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New provost previously focused on history, diversity initiatives

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Ben Vinson III has been named the next Case Western Reserve University provost and Executive Vice President, a role currently held by William A. “Bud” Baeslack III. Vinson’s transition into office will occur on July 2, following the culmination of his tenure at George Washington University (GWU) as Dean of the Columbian College of Arts and Sciences.

Vinson has worked as a professor at Barnard College, Penn State University and Johns Hopkins University. As a Professor of History at Johns Hopkins, Vinson founded the Center for Africana Studies and also served as Vice Dean.

Vinson began the role as Dean of GWU Columbian College of Arts and Sciences in 2013. He implemented diversity efforts, interdisciplinary initiatives and expanded research commissions over his five years in the position.

Combined with an undergraduate degree from Dartmouth University and doctorate from Columbia University, Vinson has put a total of 30 years into the world of academia as a student, professor and administrator.

According to the GWU website, “Dean Vinson’s scholarship focuses on colonial Mexico, especially the African presence in Mexico.”

This influence has had an impact throughout Vinson’s career, as he has expanded interdisciplinary and ethnic studies in the capacity of each of his positions.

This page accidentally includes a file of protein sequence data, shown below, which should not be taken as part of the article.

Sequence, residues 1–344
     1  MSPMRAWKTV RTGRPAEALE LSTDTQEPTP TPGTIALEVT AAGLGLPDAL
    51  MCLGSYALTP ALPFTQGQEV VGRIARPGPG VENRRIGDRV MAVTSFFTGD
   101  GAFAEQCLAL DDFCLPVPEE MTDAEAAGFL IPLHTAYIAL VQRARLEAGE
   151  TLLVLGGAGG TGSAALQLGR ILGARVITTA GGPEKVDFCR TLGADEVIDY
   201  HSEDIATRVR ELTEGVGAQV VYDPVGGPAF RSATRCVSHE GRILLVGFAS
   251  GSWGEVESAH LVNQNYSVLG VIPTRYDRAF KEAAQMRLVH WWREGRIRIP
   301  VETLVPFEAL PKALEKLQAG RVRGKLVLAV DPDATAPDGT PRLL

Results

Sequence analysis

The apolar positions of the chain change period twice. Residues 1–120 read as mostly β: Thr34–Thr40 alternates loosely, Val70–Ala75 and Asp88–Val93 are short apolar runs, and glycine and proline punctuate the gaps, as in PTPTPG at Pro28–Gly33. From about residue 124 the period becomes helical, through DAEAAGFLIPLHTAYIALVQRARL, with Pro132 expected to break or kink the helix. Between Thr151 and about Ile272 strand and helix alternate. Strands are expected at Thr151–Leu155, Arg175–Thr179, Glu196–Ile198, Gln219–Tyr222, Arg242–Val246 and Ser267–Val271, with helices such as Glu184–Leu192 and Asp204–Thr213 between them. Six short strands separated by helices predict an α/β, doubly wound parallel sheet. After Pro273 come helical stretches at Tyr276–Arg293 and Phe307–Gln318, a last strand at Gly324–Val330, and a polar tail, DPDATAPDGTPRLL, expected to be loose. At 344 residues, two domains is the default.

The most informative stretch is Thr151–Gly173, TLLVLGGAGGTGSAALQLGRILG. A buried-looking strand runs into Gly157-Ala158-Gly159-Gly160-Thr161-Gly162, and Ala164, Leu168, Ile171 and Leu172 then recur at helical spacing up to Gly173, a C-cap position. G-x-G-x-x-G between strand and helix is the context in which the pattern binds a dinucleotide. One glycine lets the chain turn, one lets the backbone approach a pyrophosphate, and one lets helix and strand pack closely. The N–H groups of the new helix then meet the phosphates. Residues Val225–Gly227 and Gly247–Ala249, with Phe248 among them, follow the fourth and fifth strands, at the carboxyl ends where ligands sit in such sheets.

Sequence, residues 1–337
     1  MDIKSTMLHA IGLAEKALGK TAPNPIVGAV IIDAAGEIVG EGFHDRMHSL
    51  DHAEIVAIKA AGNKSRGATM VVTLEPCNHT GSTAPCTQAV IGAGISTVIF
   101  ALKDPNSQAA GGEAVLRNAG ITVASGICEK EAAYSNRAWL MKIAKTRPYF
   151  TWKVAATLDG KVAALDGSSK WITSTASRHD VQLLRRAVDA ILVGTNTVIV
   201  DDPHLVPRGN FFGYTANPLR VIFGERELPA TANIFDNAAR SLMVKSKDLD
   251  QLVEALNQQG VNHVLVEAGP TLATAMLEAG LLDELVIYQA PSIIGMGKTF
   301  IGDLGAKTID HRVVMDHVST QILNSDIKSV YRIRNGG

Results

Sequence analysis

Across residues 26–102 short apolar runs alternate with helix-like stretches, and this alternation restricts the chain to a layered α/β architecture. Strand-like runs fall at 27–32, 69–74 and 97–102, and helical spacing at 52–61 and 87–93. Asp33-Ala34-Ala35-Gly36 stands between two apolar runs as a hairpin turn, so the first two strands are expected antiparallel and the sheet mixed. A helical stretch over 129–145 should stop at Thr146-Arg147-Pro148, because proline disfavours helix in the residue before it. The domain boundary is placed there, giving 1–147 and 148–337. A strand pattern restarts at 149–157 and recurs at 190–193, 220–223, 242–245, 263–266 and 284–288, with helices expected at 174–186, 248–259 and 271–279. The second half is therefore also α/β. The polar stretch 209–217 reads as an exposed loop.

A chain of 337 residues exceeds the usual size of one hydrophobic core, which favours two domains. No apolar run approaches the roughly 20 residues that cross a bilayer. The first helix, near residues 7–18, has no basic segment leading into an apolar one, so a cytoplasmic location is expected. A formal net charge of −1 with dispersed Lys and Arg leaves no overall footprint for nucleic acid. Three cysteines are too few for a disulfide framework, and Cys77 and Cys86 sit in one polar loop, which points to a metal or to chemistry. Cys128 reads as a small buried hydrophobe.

Currently, CWRU students wishing to pursue Africana studies can do so through a concentration in the ethnic studies minor.  According to the CWRU Ethnic Studies website, students can “construct a concentration” with “help of several Africanist scholars across the College of Arts and Sciences and the university.”

Vinson has published multiple books, his most recent in 2017, with “Before Mestizaje: The Frontiers of Race and Caste in Colonial Mexico,” as well as “Flight: The Story of Virgil Richardson, A Tuskegee Airman in Mexico” in 2013 and “Bearing Arms for His Majesty: The Free-Colored Militia in Colonial Mexico” in 2002.

Vinson told The Daily he is taking on his new role at CWRU with an attitude of openness and growth.

“My immediate top priority is to listen,” Vinson said. “Every campus is unique in multiple ways, and I know that my first, most important task is to learn much more about this institution and its people.”

Baeslack will be returning to his previous role as an engineering faculty member once Vinson’s tenure begins.

 

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New provost previously focused on history, diversity initiatives